Thelander EF, Ichimura K, Corcoran M, et al.
Characterization of 6q deletions in mature B cell lymphomas and childhood acute lymphoblastic leukemia.
Leuk Lymphoma. 2008; 49(3):477-87 [PubMed] Related Publications
The study was undertaken with the aim to outline deletion patterns involving the long arm of chromosome 6, a common abnormality in lymphoproliferative disorders. Using a chromosome 6 specific tile path array, 60 samples from in total 49 cases with mantle cell lymphoma (MCL), de novo diffuse large B-cell lymphoma (DLBCL), transformed DLBCL as well as preceding follicular lymphoma (FL), and childhood acute lymphoblastic leukemia (ALL), were characterized. Twenty-six of the studied cases, representing all diagnoses, showed a 6q deletion among which 85% involved a 3 Mb region in 6q21. The minimal deleted interval in 6q21 encompasses the FOXO3A, PRDM1 and HACE1 candidate genes. The PRDM1 gene was found homozygously deleted in a case of DLBCL. Moreover, in two DLBCL cases, an overlapping homozygous deletion was identified in 6q23.3 - 24.1, encompassing the TNFAIP3 gene among others. Taken together, we refined the deletion pattern within the long arm of chromosome 6 in four different types of hematological malignances, suggesting the location of tumor suppressor genes involved in the tumor progression.

Zhang L, Anglesio MS, O'Sullivan M, et al.
The E3 ligase HACE1 is a critical chromosome 6q21 tumor suppressor involved in multiple cancers.
Nat Med. 2007; 13(9):1060-9 [PubMed] Related Publications
Transformation and cancer growth are regulated by the coordinate actions of oncogenes and tumor suppressors. Here, we show that the novel E3 ubiquitin ligase HACE1 is frequently downregulated in human tumors and maps to a region of chromosome 6q21 implicated in multiple human cancers. Genetic inactivation of HACE1 in mice results in the development of spontaneous, late-onset cancer. A second hit from either environmental triggers or genetic heterozygosity of another tumor suppressor, p53, markedly increased tumor incidence in a Hace1-deficient background. Re-expression of HACE1 in human tumor cells directly abrogates in vitro and in vivo tumor growth, whereas downregulation of HACE1 via siRNA allows non-tumorigenic human cells to form tumors in vivo. Mechanistically, the tumor-suppressor function of HACE1 is dependent on its E3 ligase activity and HACE1 controls adhesion-dependent growth and cell cycle progression during cell stress through degradation of cyclin D1. Thus, HACE1 is a candidate chromosome 6q21 tumor-suppressor gene involved in multiple cancers.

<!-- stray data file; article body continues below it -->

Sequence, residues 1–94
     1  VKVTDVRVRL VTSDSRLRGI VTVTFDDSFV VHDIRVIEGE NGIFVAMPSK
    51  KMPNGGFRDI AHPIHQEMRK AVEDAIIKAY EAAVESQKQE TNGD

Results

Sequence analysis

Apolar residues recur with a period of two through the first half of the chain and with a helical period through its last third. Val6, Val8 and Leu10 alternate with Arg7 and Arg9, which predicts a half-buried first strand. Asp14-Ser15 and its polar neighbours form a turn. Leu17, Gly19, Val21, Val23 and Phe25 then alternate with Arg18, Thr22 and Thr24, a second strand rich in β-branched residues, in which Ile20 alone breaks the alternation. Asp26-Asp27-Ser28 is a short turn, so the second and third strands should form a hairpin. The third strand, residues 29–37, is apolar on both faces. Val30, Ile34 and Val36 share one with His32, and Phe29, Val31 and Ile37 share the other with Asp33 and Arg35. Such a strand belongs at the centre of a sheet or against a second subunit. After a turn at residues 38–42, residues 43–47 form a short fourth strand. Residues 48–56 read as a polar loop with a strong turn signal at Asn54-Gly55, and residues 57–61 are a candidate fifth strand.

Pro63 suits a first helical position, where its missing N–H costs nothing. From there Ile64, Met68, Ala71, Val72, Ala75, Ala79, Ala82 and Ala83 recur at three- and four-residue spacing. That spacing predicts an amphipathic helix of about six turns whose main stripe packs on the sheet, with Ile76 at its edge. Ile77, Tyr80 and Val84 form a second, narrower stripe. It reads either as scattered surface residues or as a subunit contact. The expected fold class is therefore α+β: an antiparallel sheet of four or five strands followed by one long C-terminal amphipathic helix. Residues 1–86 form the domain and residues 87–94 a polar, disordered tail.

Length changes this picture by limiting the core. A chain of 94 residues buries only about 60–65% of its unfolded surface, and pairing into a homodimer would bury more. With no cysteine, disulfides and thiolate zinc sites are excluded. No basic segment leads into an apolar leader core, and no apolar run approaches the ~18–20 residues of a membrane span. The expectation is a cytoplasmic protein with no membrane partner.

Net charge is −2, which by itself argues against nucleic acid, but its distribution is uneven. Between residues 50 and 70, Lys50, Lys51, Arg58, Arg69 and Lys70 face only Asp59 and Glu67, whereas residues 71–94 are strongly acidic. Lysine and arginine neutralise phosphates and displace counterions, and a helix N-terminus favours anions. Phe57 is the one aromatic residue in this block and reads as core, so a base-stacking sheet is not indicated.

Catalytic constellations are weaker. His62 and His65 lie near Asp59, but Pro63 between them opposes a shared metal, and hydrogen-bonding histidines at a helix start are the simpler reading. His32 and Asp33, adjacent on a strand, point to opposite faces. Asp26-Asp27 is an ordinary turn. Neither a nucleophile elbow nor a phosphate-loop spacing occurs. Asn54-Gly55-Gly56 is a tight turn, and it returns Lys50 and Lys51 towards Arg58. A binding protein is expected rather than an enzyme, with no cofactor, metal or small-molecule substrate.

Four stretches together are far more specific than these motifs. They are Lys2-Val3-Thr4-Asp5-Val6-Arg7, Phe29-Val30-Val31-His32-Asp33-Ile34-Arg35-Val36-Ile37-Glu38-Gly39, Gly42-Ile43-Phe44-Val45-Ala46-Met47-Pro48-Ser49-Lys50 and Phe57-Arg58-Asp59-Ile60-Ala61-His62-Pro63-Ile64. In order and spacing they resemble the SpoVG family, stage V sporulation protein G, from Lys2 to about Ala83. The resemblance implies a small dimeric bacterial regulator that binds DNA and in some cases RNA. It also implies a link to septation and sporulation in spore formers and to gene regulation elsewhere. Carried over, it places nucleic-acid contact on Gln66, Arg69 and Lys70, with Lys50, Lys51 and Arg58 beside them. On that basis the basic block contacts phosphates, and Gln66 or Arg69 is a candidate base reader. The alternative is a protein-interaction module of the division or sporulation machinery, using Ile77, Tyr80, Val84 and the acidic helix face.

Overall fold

Anglesio MS, Evdokimova V, Melnyk N, et al.
Differential expression of a novel ankyrin containing E3 ubiquitin-protein ligase, Hace1, in sporadic Wilms' tumor versus normal kidney.
Hum Mol Genet. 2004; 13(18):2061-74 [PubMed] Related Publications
We have analyzed the chromosome 6q21 breakpoint of a non-constitutional t(6;15)(q21;q21) rearrangement in sporadic Wilms' tumor. This identified a novel gene encoding a protein with six N-terminal ankyrin repeats linked to a C-terminal HECT ubiquitin-protein ligase domain. We therefore designated this gene HACE1 (HECT domain and Ankyrin repeat Containing E3 ubiquitin-protein ligase 1). HACE1 is widely expressed in human tissues, including mature and fetal kidney. We show that Hace1 protein possesses intrinsic ubiquitin ligase activity, utilizes UbcH7 as a candidate partner E2 enzyme and localizes predominantly to the endoplasmic reticulum. Although the HACE1 locus was not directly interrupted by the translocation in the index Wilms' case, its expression was markedly lower in tumor tissue compared with adjacent normal kidney. Moreover, HACE1 expression was virtually undetectable in the SK-NEP-1 Wilms' tumor cell line and in four of five additional primary Wilms' tumor cases compared with patient-matched normal kidney. We found no evidence of HACE1 mutations or deletions, but hypermethylation of two upstream CpG islands correlates with low HACE1 expression in tumor samples. Our findings implicate Hace1 as a novel ubiquitin-protein ligase and demonstrate that its expression is very low in primary Wilms' tumors.

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Cite this page: Cotterill SJ. HACE1, Cancer Genetics Web: http://www.cancer-genetics.org/HACE1.htm Accessed: